By Jennifer Roth-Gordon, Associate Professor, UA School of Anthropology
I spent the 10 days leading up to the Olympics in Rio de Janeiro with my children, two of whom are African American and adopted. As an anthropologist, I have been researching race relations in Brazil for over 20 years, and we had all spent time visiting and living in Rio prior to this year. Even I was shocked by what we experienced on this trip. On the second day of our visit, as we left a beach sandals store in the touristy South Zone of Rio, I heard a woman speaking loudly, and sharply, to my children. At first, I thought she was trying to enter the store and that they were blocking her way. As she yelled, “Sai! Sai!” (Leave! Get out of here!), I moved my 11-year-old son closer to me to give her more space. The white woman’s face quickly lost all color: “Is he your son? I am so sorry. Please forgive me. It’s just that there have been a lot of thefts in the area. I didn’t realize. We are all scared. I am so sorry!” Frightened and able to understand our conversation in Portuguese, my son began to cry. “Please don’t cry,” she told him, kissing his cheeks and asking him to hug her. People passing by were equally disturbed that she had mistaken him for a pivete (street kid) based solely on the color of his skin. Strangers came up to brush away his tears. The store attendants rushed to get him a cup of water and asked him to come inside to sit down.
When they heard the story, my Brazilian friends were appalled. Some cursed. Others looked shocked and sad; one struggled to find the words to react. Blatant incidents of racism like this are not supposed to occur in Brazil. But the day we were leaving – 3 days before the Olympics were set to begin – it happened again. As my son and I joined my husband, daughter, and some of the kid’s friends at a beachside restaurant in Copacabana, I called over the waiter to order more food. My daughter was happily munching on her cheese pastry next to me. A woman who worked at the restaurant came over and spoke directly to the waiter: “Don’t let them order any more food. It’s enough. They’ve already bought them pastries to eat!” I turned to address the woman: “These are my children.” The woman, dark-skinned, knelt down on one knee and put her head in my lap. “I am so sorry. I was misinformed. God forgive me. It’s just that there have been so many assaults. And so many street children asking for food, and it bothers the customers.”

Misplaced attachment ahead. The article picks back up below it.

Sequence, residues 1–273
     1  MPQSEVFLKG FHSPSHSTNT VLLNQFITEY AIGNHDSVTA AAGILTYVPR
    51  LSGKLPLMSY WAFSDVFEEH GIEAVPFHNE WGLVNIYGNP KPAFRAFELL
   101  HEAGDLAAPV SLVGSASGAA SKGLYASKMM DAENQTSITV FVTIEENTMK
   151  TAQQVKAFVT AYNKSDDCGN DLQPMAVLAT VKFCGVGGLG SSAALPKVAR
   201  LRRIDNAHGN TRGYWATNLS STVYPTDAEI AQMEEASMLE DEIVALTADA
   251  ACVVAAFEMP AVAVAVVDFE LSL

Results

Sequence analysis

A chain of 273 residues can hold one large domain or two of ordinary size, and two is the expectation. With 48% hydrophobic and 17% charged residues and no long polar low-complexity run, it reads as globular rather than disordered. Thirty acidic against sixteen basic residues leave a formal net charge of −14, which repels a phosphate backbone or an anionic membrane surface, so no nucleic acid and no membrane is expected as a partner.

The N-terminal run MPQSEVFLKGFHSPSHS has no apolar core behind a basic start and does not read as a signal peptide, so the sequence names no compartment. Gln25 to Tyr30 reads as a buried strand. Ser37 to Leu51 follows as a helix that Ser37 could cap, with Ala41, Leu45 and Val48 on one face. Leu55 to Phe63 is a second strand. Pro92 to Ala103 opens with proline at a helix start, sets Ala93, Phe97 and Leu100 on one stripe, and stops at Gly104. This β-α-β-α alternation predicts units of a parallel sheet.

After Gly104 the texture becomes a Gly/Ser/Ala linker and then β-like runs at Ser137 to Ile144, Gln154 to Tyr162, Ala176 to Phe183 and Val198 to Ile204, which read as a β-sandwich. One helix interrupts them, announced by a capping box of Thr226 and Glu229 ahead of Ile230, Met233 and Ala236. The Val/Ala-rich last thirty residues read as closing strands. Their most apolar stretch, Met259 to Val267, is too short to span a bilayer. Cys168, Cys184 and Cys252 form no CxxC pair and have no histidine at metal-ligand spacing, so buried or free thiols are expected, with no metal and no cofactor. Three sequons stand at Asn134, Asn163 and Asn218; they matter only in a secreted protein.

New laws underscore the idea that racism is fundamentally immoral and un-Brazilian. “You should have called the police and reported her!” several people told me. The penalty for engaging in an act of racism such as this could include jail time. One of the store clerks in the sandals shop shook her head angrily and uttered the Brazilian expression “Nada a ver!” (literally “Nothing to see” or “one thing has nothing to do with the other”). Her thoughts express the Brazilian “myth” of a racial democracy, the dream that Brazil should be a country where skin color does not predict one’s character or life chances. But of course, my son’s dark skin color had everything to do with people thinking he could be a thief or a street kid. This is the lie behind the fantasy of a racial democracy: The stubborn persistence of structural racism means that most of Brazil’s African descendants are poor. Brazil has no equivalent of the U.S. black middle class.
The racism that we suffered in one short trip pales in comparison to what has long been experienced by poor black youth from Brazilian “comunidades” (a new euphemism for residents of Brazilian shantytowns). It is also yet another problem that should have disappeared long before Rio hosted the world’s largest athletic games. One of the 2014 World Cup slogans asked fans to “Diga não ao racismo!” (Say no to racism!). This year’s Olympic slogan promises “Um mundo novo” (A new world). These slogans highlight a side Brazil has long sought to hide.
Brazil has the largest population of people of African descent outside of Africa. But it has spent centuries trying to eliminate its blackness through miscegenation (race mixing) and policies designed to “whiten” the country, including financially supporting the immigration of millions of Europeans after the abolition of slavery. And yet, their aversion to racism is also heartfelt. Researchers have described the racial etiquette that tells Brazilians to avoid mentioning race, or pointing out blackness, following the dictum: “Never speak of rope in a hanged man’s house.”
As a nation, Brazil wrestles not only with these racial identity issues, but also with its global reputation and how to represent itself on a global stage. In a “Beauty and the Beast” type skit written for the opening ceremony of the Olympics, world famous – and very white – Brazilian supermodel Gisele Bundchen was supposed to walk out into the middle of Maracaná stadium, where she was to be accosted by a street kid. The police would give chase but fail to capture him, and she would instead “befriend” him before walking off stage together. After this skit debuted at the dress rehearsal to an outpouring of media and social media critique, it was quickly cut from the final program. The “beast” that Brazil had somewhat bizarrely chosen to showcase here was their ongoing problems with poverty, structural racism, crime, and (police) violence.
Of course, Rio prepared for black athletes to come to compete in the Olympics. And, in the right context, they will be treated well. Pelé, their national hero and an official “national treasure,” is considered “sem cor” (without color), as one friend explained to me. But given the widespread concerns over everyday experiences of crime and violence, hidden fears of blackness have become harder to mask. Brazil is a country full of warmth and carinho (affection), but as my family experienced last week, it is also a country that continues to struggle with its own racial differences.